All parents get a little anxious about sending their children off to school for the first time, but it’s an especially tough call if your child was born in the second half of the year. Many public school districts require that a child turns 5 by September 1 or December 1 to enroll for kindergarten that fall. But of course this requirement shouldn’t be your only guide. You may want to wait a year if you think your child would benefit from having some extra time to develop the skills that will help make him a good student later on. Keep in mind that children develop at different rates, and whether your child is ready for kindergarten based on his or her age has no relationship to his intelligence or future academic success.
To figure out your child’s needs, start by talking to other adults who spend time with him. If he’s in preschool, your first stop should be a conference with his preschool teacher, who probably has a pretty good sense of where he is developmentally and how that compares with the abilities of children who would be in his kindergarten class. Also ask for the perspectives of friends or family members who know your child well, especially anyone who is a teacher or has worked or volunteered in an elementary school.
If you know what school your child will attend, take the kindergarten tour at the school, paying particular attention to how the children are behaving. Can you picture your child sitting in one of those chairs and joining in an activity? Finally, ask these questions:
1. Can my child listen to simple instructions and then follow them?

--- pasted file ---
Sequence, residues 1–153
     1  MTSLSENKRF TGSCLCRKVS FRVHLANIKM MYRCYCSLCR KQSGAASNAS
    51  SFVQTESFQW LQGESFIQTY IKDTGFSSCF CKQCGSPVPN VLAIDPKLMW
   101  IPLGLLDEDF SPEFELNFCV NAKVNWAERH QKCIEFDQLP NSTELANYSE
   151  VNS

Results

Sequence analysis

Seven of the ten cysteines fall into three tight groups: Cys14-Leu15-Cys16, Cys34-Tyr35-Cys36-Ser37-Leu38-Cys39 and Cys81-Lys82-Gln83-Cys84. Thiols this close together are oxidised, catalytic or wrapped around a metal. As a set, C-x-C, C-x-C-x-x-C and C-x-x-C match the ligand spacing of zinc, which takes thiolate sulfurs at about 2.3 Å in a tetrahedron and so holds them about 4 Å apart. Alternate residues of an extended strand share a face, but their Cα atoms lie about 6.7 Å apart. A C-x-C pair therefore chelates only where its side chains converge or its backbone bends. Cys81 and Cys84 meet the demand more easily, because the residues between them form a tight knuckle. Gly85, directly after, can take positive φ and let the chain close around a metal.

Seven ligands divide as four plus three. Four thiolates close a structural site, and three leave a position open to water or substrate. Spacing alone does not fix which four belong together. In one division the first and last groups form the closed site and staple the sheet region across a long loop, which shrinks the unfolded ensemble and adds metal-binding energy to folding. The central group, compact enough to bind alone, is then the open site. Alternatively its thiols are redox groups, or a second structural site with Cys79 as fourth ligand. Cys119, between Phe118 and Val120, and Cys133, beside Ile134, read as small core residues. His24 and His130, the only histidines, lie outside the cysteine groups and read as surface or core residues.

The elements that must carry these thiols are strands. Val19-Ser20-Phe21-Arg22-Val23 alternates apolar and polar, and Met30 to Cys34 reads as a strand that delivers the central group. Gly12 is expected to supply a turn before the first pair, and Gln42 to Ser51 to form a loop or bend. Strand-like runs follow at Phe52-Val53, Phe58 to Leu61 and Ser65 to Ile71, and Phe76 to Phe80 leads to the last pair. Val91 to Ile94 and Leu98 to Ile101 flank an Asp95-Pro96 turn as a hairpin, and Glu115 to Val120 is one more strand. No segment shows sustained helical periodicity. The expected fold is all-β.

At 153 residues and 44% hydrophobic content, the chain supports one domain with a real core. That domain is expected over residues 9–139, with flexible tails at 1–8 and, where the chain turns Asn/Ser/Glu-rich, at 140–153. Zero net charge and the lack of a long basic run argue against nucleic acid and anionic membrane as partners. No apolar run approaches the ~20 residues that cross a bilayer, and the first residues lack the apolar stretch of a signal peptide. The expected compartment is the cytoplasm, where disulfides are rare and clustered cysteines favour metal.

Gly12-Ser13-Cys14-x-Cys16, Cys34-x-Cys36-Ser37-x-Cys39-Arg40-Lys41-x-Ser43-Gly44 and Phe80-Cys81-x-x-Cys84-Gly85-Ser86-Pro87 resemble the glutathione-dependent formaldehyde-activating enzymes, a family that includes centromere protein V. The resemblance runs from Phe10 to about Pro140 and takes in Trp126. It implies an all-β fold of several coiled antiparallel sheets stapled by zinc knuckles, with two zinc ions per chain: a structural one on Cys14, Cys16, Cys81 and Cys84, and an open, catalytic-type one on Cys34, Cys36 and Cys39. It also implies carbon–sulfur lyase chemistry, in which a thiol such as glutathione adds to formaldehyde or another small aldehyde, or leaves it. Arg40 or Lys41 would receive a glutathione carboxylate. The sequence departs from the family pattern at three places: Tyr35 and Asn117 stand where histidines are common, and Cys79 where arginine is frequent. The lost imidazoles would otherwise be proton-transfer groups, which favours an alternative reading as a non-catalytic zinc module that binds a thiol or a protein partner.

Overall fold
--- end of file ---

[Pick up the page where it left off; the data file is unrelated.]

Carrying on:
2. Can he put on his own coat and go to the bathroom by himself?
3. Is he familiar with a few letters and numbers?
4. Are his fine motor skills developed enough that he can hold a pencil and cut with scissors?
5. Is he interested in books? (Does he sometimes try to “read” a book by telling a story based on the pictures?)
6. Is he curious about new things and receptive to learning?
7. Does he get along well with other children?
8. Can he work together with other children in group activities?
9. Can your child focus on a task for at least 10 to 15 minutes?
10. Can your child able to express his thoughts and needs?
If you answered yes to at least five of these questions and “sometimes” to the rest, your child is ready for kindergarten. Otherwise, he might be better off staying in preschool for another year or enrolling in one of the transitional or pre-K classes now being offered by many private schools.
How can I prepare my child for kindergarten?
The National Education Goals Panel identifies five areas of children’s development that are important to success in school: physical wellbeing and development, social and emotional development, approaches towards learning, language development, and general knowledge.
Success in kindergarten depends more on social and communication skills than on any particular academic skills. In order to learn, your child needs to be able to listen, follow directions, and work with other children. Instead of drilling him in ABCs and 1-2-3s, focus on his abilities to communicate and to participate in group activities. Here are some exercises you can do with him so he’s better prepared for the big day.
“How do you do?”